See what Tonga can do by Alessia Belsito-Riera
It’s a beautiful day in 2011 and the sun is shining, the breeze is slipping softly around the hills, even the fountain on Oriental Parade is running. Maka (John-Paul Foliaki) couldn’t be happier – but not because you can’t beat Welly on a good day – because there are only six weeks left until Tonga takes on France at the Rugby World Cup in Wellington. However, his spirits take a nosedive when he arrives a day late and a dollar short for ticket sales. In a desperate attempt to get into the stadium, Maka signs his friends and family up to represent Tonga at the game as a brass band.
The only problem? The band doesn’t exist, no one knows how to play an instrument, and there are only four weeks left until kickoff.
Red, White & Brass is a feel-good movie about Tongan ingenuity at its finest. Shot across iconic Wellington locations and brought to you by the producers of The Breaker Upperers, Cousins, and Hunt for the Wilderpeople, this is director Damon Fepulea’i’s debut feature film. “The māfana energy in the film is infectious”, says Damon.
Inspired by a true story – as Red, White & Brass will tell you itself – “straight up, this actually happened”. Damon co-wrote the film with co-producer Halaifonua (Nua) Finau, who was a member of the original band back in 2011. Nua is excited to see the “Tongan community represented authentically on the big screen”. Many original band members are in the movie; in fact Uncle Siale is played by Wellingtonian Lupeti Finau, Nua’s brother. “I have never auditioned for anything before other than to my father-in-law to have the permission to date my wife”, Lupeti jokes. “My wife thought I did a good job all those years ago, she thought I should give it a try”.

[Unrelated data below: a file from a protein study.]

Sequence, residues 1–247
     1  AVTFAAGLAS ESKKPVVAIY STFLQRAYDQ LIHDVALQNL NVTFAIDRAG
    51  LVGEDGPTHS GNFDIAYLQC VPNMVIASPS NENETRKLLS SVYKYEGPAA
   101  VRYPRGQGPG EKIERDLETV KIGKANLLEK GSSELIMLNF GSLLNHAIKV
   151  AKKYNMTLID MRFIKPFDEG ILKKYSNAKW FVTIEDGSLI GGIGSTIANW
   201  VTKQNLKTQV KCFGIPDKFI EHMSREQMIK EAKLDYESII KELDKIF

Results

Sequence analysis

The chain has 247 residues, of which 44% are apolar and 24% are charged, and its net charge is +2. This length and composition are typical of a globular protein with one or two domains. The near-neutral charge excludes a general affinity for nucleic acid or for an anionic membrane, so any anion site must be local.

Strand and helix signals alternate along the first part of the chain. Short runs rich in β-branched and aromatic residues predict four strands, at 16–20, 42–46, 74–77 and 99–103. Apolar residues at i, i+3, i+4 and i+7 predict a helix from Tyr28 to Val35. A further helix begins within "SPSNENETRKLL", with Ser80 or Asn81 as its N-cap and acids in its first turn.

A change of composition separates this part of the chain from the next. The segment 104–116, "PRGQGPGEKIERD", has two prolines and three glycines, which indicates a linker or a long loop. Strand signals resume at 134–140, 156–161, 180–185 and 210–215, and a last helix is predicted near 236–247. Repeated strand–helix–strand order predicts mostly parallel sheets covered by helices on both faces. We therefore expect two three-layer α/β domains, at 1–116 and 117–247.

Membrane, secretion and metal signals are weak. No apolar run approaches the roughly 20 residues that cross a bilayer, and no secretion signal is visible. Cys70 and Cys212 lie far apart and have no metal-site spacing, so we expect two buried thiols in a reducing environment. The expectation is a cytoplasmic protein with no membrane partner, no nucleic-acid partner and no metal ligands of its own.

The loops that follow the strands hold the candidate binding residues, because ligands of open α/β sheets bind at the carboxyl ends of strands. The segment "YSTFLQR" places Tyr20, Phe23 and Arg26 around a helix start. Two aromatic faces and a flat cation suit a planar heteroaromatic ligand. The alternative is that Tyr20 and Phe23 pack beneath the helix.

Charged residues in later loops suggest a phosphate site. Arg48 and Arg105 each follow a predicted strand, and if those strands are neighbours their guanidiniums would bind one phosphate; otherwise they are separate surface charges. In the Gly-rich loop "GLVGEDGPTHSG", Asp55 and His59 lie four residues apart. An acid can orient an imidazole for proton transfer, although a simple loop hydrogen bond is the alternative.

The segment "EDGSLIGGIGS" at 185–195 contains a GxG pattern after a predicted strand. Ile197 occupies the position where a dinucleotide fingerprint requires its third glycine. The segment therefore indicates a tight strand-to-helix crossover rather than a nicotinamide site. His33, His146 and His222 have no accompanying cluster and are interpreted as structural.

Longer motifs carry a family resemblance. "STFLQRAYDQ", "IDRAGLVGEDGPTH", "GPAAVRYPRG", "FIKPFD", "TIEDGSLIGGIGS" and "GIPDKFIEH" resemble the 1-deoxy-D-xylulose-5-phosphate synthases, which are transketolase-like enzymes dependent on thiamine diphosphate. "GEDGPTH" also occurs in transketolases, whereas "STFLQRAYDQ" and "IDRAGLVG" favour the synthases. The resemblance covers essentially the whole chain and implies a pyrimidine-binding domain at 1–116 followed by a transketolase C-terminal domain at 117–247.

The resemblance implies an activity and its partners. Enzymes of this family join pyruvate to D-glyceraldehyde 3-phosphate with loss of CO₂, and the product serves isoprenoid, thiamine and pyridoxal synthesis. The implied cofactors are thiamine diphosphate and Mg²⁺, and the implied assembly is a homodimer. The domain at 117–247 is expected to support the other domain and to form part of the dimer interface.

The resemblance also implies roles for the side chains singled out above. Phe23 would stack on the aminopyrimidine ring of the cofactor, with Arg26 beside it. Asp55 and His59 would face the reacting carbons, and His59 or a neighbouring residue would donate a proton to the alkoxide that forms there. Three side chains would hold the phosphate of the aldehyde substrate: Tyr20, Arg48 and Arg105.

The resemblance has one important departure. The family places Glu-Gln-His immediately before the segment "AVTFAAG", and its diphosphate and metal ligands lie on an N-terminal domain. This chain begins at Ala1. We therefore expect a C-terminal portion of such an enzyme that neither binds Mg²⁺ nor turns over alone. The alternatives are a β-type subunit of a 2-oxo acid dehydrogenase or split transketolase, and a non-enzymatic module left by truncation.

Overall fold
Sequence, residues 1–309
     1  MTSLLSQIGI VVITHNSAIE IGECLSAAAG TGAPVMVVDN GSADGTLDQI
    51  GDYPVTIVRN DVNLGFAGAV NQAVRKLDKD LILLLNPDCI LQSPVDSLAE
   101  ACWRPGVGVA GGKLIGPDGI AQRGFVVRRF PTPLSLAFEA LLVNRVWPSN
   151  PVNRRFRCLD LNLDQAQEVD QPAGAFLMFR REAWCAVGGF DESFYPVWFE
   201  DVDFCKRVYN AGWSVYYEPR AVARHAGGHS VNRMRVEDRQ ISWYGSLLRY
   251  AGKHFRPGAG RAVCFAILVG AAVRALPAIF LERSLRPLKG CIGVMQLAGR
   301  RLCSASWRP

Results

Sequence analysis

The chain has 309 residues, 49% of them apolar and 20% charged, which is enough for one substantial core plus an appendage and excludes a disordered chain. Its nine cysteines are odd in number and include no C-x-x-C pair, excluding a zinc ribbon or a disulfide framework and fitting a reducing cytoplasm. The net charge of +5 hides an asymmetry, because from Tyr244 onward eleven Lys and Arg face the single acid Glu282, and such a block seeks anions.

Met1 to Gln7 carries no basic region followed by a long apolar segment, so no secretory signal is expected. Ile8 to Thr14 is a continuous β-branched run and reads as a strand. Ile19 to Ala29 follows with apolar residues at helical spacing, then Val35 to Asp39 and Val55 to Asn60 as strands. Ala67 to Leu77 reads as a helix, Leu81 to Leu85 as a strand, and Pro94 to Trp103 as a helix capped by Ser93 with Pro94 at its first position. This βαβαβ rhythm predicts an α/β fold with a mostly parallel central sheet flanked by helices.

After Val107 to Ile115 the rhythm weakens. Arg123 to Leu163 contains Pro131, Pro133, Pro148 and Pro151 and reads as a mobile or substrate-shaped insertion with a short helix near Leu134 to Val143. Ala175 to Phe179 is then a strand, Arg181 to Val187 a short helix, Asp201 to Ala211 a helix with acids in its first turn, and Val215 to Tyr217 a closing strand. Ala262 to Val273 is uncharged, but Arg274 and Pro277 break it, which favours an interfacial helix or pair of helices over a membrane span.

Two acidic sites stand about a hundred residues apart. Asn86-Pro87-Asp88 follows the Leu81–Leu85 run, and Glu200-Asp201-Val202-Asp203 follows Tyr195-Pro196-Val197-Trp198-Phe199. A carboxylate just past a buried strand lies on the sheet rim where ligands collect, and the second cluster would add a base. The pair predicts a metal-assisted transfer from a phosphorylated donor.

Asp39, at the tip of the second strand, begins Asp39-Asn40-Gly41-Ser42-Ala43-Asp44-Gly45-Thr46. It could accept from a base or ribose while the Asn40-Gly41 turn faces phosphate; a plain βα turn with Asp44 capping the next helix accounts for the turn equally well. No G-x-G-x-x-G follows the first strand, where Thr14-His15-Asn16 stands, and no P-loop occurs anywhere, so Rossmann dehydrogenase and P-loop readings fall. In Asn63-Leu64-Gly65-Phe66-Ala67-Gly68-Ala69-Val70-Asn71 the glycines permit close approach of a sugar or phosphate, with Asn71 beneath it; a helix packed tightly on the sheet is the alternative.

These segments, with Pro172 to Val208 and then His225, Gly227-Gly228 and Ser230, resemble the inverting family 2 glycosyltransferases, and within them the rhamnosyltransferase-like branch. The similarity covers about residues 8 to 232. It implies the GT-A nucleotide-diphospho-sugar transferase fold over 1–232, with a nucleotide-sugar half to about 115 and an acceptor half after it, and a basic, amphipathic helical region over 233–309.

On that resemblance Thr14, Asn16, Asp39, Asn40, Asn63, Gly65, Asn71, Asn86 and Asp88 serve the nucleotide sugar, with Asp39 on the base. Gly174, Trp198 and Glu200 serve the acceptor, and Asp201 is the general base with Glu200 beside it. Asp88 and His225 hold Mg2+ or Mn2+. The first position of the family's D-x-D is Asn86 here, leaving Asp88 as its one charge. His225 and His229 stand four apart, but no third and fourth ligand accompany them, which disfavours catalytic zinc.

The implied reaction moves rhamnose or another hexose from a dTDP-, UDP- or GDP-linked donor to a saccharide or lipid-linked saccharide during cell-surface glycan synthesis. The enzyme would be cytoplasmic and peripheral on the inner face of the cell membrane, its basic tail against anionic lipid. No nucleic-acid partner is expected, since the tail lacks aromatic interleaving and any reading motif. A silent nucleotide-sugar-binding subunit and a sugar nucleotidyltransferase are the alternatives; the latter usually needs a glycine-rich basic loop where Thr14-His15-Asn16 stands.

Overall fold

Lupeti describes his character as the voice of reason and a bridge between the elders and the youth. “Because I was in the original band, I wanted to honour the various fathers that were a part of that band and tried to amalgamate characteristics from each one”, Lupeti explains. He describes his experience shooting Red, White & Brass as an emotional journey. “Every day being on set and watching everything unfold brought back so many wonderful memories”. Because so many original members were on set, Lupeti says that it felt like they “had gone through a time machine and returned to 2011”. The story is so faithful to real life that at times Lupeti would chuckle about certain moments being put into a movie.
“It’s an excellent watch that will make you both laugh and cry”, Lupeti says. “For Tongans, they will come out beaming with pride. For non-Tongans they will come out with an appreciation of having an inside look into what makes us Tongans who we are”.
In theatres on the 23rd of March, Red, White & Brass is about seeing what Tonga can do.